Fixed income markets have had a difficult few months and, of the many different asset classes, emerging market debt has had to deal with the added challenge of negative sentiment towards emerging markets.
But with many strategic bonds emphasising the importance of diversification in their portfolios, is there a place for emerging market debt or should it be avoided?
The performance of the average IA Global Emerging Market Bond fund in the five years to March 22 2016 has been a positive 12.5 per cent, compared with the IA Sterling Strategic Bond average return of 26.2 per cent, according to data from FE Analytics.
In the shorter term, emerging market debt has performed better, with the IA Global Emerging Market Bond sector delivering an average return of 8.9 per cent for the year to date, compared with the IA Sterling Strategic Bond average return of just 1.2 per cent.
Omar Saeed, manager of the L&G Dynamic Bond Trust, points out: “Since mid-2013, emerging market debt issuers [have been] experiencing fundamental and structural challenges linked to the continued commodity sell-off, strengthening of the US dollar and reversal of the [US] Fed policy. It is unsurprising the asset class has fallen out of favour for strategic bond investors.”
He notes that while these challenges are expected to persist over the next one to two years, the indiscriminate nature of the sell-off has created decent relative value opportunities.
“As a result, we have allocated towards a select number of short-dated EMD government debt and quasi-sovereign issuers. A running yield of approximately 4.5 per cent per annum can be realised, [but] suffice to say solid stock selection will be absolutely key,” he adds.
EXPERT VIEW - Emerging market debt
Rodica Glavan, emerging market debt portfolio manager, Insight Investment, highlights the opportunities in a sometimes overlooked asset class:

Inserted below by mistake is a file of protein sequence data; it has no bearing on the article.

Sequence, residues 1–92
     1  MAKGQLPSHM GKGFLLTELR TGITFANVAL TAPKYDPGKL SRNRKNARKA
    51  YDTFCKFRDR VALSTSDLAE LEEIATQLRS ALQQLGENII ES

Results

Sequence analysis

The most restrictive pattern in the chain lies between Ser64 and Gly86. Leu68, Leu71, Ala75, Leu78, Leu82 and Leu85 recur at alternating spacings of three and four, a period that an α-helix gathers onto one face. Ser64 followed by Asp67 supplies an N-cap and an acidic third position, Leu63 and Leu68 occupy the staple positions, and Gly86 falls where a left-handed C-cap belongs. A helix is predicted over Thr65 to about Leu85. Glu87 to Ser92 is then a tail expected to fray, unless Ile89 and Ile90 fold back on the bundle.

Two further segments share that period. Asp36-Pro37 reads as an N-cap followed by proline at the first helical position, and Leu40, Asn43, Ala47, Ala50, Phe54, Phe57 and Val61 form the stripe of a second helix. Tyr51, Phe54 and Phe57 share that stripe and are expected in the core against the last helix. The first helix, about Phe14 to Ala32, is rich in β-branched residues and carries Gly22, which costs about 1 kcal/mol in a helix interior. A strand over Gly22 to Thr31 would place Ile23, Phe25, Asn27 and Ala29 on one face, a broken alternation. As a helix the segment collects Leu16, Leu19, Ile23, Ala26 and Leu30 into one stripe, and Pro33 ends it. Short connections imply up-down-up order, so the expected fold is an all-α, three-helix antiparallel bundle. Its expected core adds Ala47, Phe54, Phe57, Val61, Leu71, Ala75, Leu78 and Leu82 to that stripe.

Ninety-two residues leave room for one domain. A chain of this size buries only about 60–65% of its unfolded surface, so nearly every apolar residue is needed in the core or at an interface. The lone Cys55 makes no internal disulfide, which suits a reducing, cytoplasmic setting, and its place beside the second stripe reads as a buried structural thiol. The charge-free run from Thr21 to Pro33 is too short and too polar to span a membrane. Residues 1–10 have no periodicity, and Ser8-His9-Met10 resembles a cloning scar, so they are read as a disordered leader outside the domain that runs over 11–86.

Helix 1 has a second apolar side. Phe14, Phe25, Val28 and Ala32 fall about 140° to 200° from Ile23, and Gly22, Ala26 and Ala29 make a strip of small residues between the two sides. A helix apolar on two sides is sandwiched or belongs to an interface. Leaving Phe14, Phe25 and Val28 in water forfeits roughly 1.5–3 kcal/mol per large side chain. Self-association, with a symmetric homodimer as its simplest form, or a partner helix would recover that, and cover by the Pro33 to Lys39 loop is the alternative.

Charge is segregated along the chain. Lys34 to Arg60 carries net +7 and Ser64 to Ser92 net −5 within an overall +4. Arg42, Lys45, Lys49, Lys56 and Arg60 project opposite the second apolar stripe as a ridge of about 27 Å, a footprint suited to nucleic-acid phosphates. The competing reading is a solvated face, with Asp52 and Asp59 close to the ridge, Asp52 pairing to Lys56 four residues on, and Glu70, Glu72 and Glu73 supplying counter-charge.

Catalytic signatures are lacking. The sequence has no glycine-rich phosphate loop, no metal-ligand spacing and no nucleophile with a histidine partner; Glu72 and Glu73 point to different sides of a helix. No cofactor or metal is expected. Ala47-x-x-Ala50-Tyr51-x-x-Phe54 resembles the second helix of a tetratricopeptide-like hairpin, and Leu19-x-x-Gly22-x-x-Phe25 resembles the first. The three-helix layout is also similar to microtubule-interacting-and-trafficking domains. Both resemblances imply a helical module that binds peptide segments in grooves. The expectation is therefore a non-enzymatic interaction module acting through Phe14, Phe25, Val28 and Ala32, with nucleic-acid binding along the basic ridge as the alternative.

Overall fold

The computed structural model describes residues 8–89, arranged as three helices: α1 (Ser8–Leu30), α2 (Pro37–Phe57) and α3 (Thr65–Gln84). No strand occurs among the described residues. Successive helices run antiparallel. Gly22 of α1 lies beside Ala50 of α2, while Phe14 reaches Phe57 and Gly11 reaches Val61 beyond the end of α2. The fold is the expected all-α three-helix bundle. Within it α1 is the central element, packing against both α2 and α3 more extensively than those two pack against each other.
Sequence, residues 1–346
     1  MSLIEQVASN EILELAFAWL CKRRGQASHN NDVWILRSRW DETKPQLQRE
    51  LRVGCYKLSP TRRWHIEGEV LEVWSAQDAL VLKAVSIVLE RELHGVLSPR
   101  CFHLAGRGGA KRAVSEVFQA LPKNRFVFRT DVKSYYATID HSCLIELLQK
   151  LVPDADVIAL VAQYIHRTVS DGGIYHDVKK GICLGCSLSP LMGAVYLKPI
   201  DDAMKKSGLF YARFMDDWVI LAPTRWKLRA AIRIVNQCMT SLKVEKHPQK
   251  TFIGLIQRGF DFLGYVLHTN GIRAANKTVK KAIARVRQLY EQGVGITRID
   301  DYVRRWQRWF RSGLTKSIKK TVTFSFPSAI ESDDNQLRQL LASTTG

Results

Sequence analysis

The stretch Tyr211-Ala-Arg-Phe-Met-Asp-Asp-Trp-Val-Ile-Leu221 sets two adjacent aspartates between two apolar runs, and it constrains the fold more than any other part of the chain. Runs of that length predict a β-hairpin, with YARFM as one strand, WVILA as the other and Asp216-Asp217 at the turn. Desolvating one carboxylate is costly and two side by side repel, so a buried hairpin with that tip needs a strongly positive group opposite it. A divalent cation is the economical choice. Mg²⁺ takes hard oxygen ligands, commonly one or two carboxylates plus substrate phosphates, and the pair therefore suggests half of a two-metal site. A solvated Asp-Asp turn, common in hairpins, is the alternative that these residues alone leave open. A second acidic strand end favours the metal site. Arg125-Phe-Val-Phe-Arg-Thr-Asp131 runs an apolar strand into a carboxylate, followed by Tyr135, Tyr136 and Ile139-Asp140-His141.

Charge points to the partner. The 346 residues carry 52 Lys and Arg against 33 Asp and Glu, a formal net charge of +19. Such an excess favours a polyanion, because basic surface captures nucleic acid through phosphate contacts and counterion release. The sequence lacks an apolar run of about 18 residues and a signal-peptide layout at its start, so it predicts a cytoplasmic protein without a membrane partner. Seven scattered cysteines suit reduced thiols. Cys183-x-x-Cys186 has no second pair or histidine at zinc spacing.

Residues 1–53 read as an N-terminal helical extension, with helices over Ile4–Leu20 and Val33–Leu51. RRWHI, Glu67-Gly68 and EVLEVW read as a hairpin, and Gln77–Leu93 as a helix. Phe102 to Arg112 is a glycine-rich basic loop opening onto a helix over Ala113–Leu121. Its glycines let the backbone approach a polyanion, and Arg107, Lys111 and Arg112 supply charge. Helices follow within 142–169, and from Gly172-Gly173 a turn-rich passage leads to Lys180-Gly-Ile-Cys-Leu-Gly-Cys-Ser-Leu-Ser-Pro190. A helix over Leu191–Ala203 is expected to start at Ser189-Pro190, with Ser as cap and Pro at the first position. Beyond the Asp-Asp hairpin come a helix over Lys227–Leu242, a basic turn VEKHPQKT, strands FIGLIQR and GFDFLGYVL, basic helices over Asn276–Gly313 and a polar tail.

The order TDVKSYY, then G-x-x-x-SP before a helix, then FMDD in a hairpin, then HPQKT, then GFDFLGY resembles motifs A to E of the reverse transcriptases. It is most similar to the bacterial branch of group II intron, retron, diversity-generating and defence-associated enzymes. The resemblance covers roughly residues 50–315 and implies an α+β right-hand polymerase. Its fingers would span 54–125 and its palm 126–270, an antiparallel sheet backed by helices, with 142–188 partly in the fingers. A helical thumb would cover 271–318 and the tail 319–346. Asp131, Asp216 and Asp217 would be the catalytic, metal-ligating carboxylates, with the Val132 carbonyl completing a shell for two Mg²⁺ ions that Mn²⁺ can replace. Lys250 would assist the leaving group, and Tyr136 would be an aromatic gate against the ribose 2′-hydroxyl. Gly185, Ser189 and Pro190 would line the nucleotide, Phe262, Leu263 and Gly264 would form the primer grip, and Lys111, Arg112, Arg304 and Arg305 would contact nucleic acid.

“These credits are under-researched, under-owned and unloved by mainstream investors. This creates mispricing and opportunity in spite of EM corporate debt’s status as a rapidly maturing asset class. The share of corporate finance via bond markets in EM has nearly doubled since the global financial crisis as banks have aimed to deleverage and shrink their loan books.
“Headlines on emerging markets have been unremittingly bad. They have focused on the fear of a hard landing in China, the sharp decline in commodity prices and the perceived negative impact of an appreciating US dollar on debt sustainability.
“[But] technical factors are also beginning to support EM corporate debt. The outflows from the asset class and poor investor sentiment have made it a difficult climate for new issuance. In the final quarter of 2015 there was a net supply of -$30bn. We expect this trend to continue this year. Our estimates are that $158bn will be returned to investors in 2016 in coupon and principal repayments. Bond buybacks are also becoming more popular due to currency volatility and could amount to $50bn over the course of the year.”
Daniel McKernan, head of sterling investment grade credit at Standard Life Investments, notes the team behind the SLI Strategic Bond fund also has emerging market exposure, mainly for diversification purposes.